This book is written with more prerequisites than many other introductions to modeling or applied mathematics. Most US students taking such classes will have had calculus and linear algebra. They may even have had a probability and statistics class or a course on partial differential equations. It is unlikely that they will have had a fluid dynamics course — although there will be a few at universities with strong engineering programs.
The expectation of knowledge about basic fluid mechanics is both this book's strength and its weakness. On the positive side, the author can use this material to introduce many interesting and sophisticated examples. Howison treats a wide variety of key topics including (but not limited to) dimensional analysis, nondimensionalization, linear and non-linear PDEs, distribution theory and asymptotic analysis. Applications range from traditional examples, such as beams and traffic modeling, to less traditional examples such as incubating eggs.
Unfortunately, students who have not had a semester of fluid mechanics will be somewhat lost as early as Chapter 1. Overall, I like this book and would love to use it. But it really is more suitable for a second course in applied mathematics rather than the introductory modelling course offered at institutions like mine.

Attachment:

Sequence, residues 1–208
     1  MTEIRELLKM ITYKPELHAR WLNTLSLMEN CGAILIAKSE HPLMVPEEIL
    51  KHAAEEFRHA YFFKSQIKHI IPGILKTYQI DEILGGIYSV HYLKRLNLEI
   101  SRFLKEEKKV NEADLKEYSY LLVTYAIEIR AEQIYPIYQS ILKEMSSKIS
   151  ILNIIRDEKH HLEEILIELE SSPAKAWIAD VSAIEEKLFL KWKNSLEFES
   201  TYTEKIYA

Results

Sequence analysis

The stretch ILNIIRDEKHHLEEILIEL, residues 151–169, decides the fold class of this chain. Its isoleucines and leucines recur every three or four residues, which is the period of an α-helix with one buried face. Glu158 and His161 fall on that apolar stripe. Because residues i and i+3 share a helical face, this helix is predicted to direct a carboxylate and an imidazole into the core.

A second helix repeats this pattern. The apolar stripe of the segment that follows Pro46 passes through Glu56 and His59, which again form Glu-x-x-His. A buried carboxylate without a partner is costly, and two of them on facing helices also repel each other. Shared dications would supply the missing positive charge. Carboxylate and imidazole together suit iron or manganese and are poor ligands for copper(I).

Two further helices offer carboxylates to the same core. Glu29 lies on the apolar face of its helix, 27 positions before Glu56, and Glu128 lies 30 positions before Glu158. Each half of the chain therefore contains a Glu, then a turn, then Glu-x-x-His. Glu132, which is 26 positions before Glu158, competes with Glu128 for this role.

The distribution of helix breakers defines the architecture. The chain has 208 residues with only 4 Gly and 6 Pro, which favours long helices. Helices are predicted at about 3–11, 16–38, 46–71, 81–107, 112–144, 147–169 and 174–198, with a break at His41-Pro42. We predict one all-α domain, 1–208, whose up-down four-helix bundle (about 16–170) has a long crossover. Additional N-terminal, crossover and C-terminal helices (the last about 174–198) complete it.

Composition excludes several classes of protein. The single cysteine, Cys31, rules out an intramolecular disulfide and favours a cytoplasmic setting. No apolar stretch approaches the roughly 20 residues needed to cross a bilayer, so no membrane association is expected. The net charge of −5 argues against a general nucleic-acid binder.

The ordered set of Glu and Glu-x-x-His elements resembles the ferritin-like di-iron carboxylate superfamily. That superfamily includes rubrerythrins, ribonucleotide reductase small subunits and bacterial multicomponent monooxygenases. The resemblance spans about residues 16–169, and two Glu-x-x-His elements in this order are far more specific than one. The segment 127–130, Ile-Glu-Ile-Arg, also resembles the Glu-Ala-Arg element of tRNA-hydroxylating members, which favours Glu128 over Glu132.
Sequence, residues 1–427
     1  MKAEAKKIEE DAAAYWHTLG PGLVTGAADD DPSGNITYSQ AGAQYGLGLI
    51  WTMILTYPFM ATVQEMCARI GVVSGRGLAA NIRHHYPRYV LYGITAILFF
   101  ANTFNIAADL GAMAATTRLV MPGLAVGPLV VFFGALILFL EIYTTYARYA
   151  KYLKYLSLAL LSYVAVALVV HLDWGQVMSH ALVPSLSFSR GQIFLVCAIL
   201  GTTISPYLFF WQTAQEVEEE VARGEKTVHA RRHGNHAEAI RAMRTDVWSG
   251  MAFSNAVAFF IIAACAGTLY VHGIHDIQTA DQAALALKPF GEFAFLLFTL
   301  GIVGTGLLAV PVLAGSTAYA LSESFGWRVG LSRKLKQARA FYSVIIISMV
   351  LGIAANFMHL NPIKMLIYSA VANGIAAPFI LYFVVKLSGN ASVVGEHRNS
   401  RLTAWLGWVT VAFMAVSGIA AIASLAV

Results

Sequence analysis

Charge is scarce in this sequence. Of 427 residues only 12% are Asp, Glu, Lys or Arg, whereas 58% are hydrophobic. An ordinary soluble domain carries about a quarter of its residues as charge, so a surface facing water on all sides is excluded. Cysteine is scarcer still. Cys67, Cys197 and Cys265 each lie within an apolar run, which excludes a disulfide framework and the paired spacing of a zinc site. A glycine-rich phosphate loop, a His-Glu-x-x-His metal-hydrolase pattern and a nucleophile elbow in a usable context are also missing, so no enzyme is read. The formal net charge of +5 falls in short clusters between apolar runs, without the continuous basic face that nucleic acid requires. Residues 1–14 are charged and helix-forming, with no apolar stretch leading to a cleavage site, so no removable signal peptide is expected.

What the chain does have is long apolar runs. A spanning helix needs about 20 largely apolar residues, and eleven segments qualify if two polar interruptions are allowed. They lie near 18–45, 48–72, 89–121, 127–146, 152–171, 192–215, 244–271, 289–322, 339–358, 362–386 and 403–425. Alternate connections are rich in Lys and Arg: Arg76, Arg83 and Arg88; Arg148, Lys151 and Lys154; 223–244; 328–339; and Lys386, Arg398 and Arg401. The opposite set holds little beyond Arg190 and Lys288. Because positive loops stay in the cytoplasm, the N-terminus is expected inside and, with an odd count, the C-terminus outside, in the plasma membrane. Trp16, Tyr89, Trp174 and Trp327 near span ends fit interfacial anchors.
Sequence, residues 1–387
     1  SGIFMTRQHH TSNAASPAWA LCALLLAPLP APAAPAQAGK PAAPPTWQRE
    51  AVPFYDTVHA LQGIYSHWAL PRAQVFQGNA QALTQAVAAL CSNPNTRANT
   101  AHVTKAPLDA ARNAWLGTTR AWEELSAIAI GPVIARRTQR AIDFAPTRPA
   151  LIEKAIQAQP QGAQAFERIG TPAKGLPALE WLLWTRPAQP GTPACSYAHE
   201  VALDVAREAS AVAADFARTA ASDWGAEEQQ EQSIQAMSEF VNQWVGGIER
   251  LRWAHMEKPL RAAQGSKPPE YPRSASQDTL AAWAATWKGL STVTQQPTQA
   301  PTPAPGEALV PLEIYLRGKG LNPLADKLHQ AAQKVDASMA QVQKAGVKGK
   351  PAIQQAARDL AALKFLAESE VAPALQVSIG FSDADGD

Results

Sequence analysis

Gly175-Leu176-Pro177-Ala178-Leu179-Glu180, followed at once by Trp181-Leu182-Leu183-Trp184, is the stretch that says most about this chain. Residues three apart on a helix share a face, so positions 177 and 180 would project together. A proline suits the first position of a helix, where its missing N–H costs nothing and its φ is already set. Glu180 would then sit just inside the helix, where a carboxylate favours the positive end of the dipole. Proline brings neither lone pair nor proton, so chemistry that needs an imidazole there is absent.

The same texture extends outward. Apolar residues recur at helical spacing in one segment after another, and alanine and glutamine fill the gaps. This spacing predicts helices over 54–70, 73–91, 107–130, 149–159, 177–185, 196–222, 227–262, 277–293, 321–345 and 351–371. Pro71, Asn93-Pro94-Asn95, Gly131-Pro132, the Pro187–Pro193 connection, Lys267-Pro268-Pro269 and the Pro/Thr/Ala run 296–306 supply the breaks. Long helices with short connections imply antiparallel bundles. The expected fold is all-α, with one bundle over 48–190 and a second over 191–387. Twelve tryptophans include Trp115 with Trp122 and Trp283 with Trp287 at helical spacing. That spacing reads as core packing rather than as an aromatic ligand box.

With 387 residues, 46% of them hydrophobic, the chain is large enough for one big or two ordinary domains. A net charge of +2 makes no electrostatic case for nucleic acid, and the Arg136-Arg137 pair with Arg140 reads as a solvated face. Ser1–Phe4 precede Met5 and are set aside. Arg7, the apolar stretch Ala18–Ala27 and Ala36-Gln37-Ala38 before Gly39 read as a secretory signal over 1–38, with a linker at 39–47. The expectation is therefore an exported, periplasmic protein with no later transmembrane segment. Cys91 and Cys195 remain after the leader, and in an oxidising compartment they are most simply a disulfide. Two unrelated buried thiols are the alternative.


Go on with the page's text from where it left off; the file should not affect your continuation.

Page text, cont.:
Maeve McCarthy is Associate Professor of Mathematics at Murray State University in Kentucky.
Part I. Modelling Techniques: 1. The basics of modelling; 2. Units, dimensions and dimensional analysis; 3. Non-dimensionalisation; 4. Case studies: hair modelling and cable laying; 5. Case study: the thermistor (1); 6. Case study: electrostatic painting (1);
Part II. Mathematical Techniques: 7. Partial differential equations; 8. Case study: traffic modelling; 9. Distributions; 10. Theory of distributions; 11. Case study: the pantograph;
Part III. Asymptotic techniques: 12. Asymptotic expansions; 13. Regular perturbation expansions; 14. Case study: electrostatic painting (2); 15. Case study: piano tuning; 16. Boundary layers; 17. Case study: the thermistor (2); 18. 'Lubrication theory' analysis; 19. Case study: continuous casting of steel; 20. Lubrication theory for fluids; 21. Case study: eggs; 22. Methods for oscillators; 23. Ray theory and other 'exponential' approaches.